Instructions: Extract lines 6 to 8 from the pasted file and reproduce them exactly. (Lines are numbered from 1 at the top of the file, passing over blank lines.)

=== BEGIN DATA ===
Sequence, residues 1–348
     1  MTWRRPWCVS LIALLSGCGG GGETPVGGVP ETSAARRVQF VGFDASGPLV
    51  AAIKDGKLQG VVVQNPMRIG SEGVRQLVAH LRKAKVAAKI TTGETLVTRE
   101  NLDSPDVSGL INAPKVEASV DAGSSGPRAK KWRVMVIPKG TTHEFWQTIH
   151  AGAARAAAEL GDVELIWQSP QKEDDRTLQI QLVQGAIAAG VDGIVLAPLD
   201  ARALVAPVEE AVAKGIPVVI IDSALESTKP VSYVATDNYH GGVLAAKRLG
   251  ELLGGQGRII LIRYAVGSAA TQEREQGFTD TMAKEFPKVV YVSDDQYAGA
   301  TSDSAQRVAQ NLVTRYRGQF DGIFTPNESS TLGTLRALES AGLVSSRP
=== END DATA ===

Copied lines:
   201  ARALVAPVEE AVAKGIPVVI IDSALESTKP VSYVATDNYH GGVLAAKRLG
   251  ELLGGQGRII LIRYAVGSAA TQEREQGFTD TMAKEFPKVV YVSDDQYAGA
   301  TSDSAQRVAQ NLVTRYRGQF DGIFTPNESS TLGTLRALES AGLVSSRP